The Double Standard of Sanction Politics in America

Following the United States’ suspension of its energy trade with Russia, the entire Western world commended the American president, saying that even in times of war, even if certain sanctions have negative consequences for America, Joe Biden is not afraid to remain take the moral high ground. However, there is a question about the considerable uranium Washington imports from Russia.

Not long after the escalation of the Russian-Ukrainian armed conflict, the United States formulated a serious list of sanctions against Russia, which, among other things, affected the energy trade between the two countries. According to the details, Washington has primarily prohibited new contracts for buying Russian petroleum and certain petroleum products, as well as liquefied natural gas and coal. The sanctions further stipulated that the contracts already guaranteeing the purchase of these materials would be terminated within 45 days. The United States further stipulated that American enterprises could no longer invest in the Russian energy sector, and there would be no exceptions for projects initiated by Russia to take place outside the country.

Undoubtedly, this list of energy sanctions linked to the president’s administration has great implications — such a comprehensive measure, preventing the importation of raw materials, is rare for the United States. As a result, it was no surprise that the pro-Biden world press and Western political circles regarded the measures as a historic step and viewed them as a beacon for political ethics, although they did not deny sanctions will hurt not only America but Europe as well.

At the same time, looking at the list of sanctions prohibiting raw materials, it is obvious that there is one main energy source exported from Russia that is missing: uranium. The fact that this radioactive chemical element is missing from the list of sanctions supports the position of the Nuclear Energy Institute — a trade association that includes various players in the United States’ nuclear market — that the United States is completely dependent on the uranium sourced from Russia and its allies, Kazakhstan and Uzbekistan. In terms of numbers, this means that in 2020 alone, the U.S. purchased 10.3 million kilograms [approximately 22.3 million pounds] of uranium from the region, which was responsible for generating as much as 20% of American electricity.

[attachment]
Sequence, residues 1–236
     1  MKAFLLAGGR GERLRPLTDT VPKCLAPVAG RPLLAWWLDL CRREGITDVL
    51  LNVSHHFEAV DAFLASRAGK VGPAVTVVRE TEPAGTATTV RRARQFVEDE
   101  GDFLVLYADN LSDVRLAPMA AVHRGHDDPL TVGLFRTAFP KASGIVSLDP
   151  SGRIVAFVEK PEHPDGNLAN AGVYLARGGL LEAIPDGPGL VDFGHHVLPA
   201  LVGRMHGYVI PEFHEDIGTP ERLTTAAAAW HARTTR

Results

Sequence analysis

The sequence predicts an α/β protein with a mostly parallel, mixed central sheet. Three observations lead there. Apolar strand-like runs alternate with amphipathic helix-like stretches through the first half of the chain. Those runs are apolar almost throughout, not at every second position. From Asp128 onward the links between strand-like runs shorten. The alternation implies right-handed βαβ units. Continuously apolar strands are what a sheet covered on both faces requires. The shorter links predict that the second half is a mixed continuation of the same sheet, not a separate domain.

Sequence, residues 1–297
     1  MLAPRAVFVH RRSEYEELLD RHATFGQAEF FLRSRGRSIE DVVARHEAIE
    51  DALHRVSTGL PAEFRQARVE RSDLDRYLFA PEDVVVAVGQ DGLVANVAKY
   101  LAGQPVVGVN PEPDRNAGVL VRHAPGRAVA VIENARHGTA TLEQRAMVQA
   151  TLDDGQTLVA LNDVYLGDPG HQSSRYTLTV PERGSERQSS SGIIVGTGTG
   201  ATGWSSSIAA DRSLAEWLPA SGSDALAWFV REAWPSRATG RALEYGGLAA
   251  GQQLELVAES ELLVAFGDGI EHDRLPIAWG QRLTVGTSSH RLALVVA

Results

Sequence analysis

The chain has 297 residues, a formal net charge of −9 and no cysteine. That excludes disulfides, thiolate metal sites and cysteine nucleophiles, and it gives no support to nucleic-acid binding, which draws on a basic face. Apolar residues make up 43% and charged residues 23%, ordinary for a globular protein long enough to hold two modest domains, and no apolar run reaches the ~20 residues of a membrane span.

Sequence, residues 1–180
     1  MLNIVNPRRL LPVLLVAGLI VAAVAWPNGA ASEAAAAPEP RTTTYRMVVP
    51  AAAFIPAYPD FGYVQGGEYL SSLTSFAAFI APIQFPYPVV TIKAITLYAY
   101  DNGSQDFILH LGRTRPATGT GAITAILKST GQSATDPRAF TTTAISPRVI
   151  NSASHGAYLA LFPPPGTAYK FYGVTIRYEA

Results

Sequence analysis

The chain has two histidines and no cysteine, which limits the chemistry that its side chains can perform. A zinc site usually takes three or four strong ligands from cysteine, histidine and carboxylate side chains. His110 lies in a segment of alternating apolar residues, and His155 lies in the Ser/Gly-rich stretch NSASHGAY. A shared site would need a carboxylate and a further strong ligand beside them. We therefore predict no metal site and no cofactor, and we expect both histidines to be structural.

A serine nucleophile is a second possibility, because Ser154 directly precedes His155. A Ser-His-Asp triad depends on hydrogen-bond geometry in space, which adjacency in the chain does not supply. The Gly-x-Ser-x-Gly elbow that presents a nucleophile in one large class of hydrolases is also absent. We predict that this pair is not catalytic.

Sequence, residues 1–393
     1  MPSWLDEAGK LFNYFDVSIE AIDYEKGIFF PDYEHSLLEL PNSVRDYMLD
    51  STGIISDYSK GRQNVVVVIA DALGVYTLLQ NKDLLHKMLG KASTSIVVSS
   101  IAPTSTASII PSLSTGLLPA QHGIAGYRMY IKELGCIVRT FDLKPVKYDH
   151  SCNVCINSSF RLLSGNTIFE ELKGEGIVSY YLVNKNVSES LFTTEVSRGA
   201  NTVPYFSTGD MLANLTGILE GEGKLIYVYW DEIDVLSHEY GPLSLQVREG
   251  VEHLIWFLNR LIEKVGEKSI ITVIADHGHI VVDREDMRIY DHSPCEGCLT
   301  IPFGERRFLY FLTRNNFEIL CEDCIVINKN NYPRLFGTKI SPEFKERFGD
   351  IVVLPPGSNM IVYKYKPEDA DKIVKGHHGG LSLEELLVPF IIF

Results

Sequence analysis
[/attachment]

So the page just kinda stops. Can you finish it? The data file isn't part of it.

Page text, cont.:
Notably, the Biden administration — supposedly treading the political moral high ground — does not buy uranium from this region because it has the only quarries where the material can be easily mined, but because this is the easiest option for the United States. Canada and Australia are some of the world’s biggest uranium-producing countries, and as natural American allies, would be obvious alternatives for Washington. However, the current Democratic presidential administration is not inclined to pay a premium for its uranium imports, so, while it imposes harsh sanctions in the energy sector, it is willing to set aside its moral resolve toward Russia in weightier matters.

United States sanction policies are further influenced by the fact the U.S. once operated uranium mines. in fact, Texas and Wyoming have significant uranium reserves. However, extraction costs are astronomical compared to the inexpensive Russian uranium, and so this sector has practically disappeared over the years. Interestingly, even Biden’s predecessor, Donald Trump, noticed the energy dependency of the United States. Moreover, the Republican president was the first decision-maker in many years to recognize the danger of such a dependency, and as a result, in 2020 he recommended a so-called strategic uranium reserve worth $150 million in order to reduce Washington’s dependency in case of a global political crisis.

Interestingly, although Trump’s recommendation was not new, indeed there is a petroleum reserve based on a similar decree, which makes 714 million barrels of kerosene available in case of emergency, many Democratic lawmakers opposed it. Now it appears that American uranium mining could become relevant again, and could result in another Democratic turnaround on the issue. It needs to be said that such an effort would take significant time and the dependency of the United States is unlikely to lighten soon. This is not just a sobering message for the Biden administration as it treads the moral high ground, but it also provides an embarrassing explanation of why America’s sanction policies are nothing more than pursuit of its own interests.

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